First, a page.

Despite our prime minister’s extraordinary private wealth of £730m, largely but not entirely through marriage, and despite UK government borrowing being declared two weeks ago as almost £20bn lower than expected, confidence in Blighty’s economy by the rest of the world is shot. The most recent fiscal report from the OBR (Office for Budget Responsibility) claims to see debt on this blessed isle at 310pc of GDP by the 2070s. ‘There is real biblical economic stuff coming to the UK soon,’ reported my well-informed purveyor of doom, an Oxbridge man with broad global credentials. He added: ‘If people only realized.’ This person doesn’t consider the UK poor, he considers it broke. ‘The entire economy is an illusion,’ he said. ‘GDP can be cooked up out of nothing, or in the case of the UK out of wholly unsustainable borrowing.’ He even reckoned the country won’t be a so-called first-world country much longer. Should we believe him? Do we risk something by ignoring him?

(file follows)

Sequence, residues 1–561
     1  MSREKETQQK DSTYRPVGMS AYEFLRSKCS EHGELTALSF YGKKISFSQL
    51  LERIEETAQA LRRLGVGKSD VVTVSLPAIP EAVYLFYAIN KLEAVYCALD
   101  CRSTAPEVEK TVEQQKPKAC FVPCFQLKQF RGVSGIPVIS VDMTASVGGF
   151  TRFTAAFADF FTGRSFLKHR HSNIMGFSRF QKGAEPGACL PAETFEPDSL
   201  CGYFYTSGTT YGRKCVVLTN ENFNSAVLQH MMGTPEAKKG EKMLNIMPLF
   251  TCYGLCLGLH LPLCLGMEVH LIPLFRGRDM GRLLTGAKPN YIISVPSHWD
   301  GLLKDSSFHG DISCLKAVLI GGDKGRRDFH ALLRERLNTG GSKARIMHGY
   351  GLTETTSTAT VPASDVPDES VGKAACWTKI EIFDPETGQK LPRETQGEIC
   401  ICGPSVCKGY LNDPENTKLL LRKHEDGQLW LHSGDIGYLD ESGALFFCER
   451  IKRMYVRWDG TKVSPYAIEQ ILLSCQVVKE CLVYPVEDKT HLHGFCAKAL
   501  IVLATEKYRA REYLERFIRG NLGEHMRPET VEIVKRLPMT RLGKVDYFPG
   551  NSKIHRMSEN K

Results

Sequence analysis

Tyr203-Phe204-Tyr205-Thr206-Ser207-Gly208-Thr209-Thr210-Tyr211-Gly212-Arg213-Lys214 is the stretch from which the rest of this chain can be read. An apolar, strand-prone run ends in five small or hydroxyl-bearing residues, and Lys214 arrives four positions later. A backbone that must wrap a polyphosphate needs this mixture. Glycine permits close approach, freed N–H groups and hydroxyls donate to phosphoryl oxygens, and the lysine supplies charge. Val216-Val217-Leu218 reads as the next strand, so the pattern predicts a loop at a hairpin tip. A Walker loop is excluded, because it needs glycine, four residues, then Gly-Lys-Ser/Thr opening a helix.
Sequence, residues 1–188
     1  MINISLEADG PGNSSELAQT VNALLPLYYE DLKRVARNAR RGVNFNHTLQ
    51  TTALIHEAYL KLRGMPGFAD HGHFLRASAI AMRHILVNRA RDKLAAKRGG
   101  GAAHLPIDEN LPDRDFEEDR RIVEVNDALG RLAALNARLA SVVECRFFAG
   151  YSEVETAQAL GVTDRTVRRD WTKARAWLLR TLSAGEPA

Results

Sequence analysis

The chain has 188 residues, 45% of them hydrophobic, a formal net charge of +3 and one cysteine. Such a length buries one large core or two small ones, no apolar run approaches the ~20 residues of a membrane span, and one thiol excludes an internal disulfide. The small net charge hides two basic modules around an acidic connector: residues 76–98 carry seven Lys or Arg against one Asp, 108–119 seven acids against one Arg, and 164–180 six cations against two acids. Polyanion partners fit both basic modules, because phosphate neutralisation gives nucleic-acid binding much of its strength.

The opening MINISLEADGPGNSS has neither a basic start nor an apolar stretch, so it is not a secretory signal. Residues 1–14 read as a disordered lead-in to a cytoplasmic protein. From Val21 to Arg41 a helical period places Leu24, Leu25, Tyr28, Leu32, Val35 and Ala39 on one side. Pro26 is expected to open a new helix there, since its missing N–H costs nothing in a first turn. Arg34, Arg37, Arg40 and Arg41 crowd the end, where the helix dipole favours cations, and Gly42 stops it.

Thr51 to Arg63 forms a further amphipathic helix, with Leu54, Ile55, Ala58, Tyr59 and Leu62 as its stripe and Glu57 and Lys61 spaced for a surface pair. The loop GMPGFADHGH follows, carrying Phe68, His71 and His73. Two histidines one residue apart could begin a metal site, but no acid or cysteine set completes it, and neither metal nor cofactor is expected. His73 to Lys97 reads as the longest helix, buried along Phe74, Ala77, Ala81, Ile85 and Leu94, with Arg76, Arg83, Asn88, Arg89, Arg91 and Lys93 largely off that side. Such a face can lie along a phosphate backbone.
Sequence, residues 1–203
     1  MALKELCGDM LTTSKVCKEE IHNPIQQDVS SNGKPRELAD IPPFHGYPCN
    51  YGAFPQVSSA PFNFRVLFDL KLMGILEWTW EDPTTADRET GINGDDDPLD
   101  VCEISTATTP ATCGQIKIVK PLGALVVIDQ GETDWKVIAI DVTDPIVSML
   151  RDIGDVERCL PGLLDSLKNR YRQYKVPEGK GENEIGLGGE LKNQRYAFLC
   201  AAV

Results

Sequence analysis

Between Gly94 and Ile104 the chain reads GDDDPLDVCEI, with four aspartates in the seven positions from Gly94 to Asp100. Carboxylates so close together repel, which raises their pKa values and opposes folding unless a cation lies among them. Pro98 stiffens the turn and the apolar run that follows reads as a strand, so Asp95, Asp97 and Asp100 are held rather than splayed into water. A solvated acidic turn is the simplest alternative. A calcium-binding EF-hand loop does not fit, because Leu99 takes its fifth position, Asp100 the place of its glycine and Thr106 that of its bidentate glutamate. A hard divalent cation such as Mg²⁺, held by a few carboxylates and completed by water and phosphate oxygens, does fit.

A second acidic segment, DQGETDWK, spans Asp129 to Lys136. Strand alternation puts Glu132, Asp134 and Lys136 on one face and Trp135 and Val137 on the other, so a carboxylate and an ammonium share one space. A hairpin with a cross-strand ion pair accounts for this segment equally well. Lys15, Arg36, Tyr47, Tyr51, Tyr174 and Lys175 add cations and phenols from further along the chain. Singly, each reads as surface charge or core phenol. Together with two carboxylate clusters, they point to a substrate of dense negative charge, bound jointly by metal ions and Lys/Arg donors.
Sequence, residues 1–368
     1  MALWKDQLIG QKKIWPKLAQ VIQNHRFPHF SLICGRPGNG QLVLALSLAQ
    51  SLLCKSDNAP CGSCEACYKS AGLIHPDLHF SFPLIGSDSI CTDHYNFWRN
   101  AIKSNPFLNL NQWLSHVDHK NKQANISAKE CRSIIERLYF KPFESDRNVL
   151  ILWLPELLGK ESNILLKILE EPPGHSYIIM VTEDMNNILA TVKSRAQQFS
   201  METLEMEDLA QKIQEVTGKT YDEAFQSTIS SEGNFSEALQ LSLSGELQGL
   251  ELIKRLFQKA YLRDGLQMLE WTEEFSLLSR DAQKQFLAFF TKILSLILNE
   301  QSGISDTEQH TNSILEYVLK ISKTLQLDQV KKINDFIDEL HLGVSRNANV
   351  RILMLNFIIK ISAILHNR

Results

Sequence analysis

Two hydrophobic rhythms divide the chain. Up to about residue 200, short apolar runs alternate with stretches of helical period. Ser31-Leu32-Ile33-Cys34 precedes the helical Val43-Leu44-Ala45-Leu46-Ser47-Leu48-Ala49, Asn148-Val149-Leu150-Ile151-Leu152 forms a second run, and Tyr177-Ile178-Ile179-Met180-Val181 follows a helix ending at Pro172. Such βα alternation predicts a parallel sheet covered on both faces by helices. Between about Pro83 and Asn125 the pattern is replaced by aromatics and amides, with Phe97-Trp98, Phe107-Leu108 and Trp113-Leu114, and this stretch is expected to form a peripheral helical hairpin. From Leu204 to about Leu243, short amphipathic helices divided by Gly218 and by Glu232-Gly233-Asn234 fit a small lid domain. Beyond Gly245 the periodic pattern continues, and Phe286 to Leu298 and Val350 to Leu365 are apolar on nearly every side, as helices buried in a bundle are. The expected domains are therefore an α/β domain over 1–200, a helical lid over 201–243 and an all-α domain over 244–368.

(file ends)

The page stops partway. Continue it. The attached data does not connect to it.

Is it funding or the allocation of funding that is the problem? Is the economy the only reason the system is broken? What about old-fashioned compassion? What about our attitudes towards personal debt? What about rent control? Our money man was particularly riled by this last question. ‘Even socialist economists know that rent control is a catastrophe,’ he said. ‘It leads to a collapse in the number of rented properties.’ That said, I perhaps should have said to him, putting up rent still makes people homeless and not looking after your property makes people sick.

The ex-headteacher of my two children’s former primary school in south-east London was telling the BBC last week how it was for her. Somewhere through the tumulus and sorrow of war, somewhere beneath the attendant layers of hate and humanitarian angst, the long marches in the capital, the ripped posters, the religiose vitriol, was another kind of desperation much closer to home.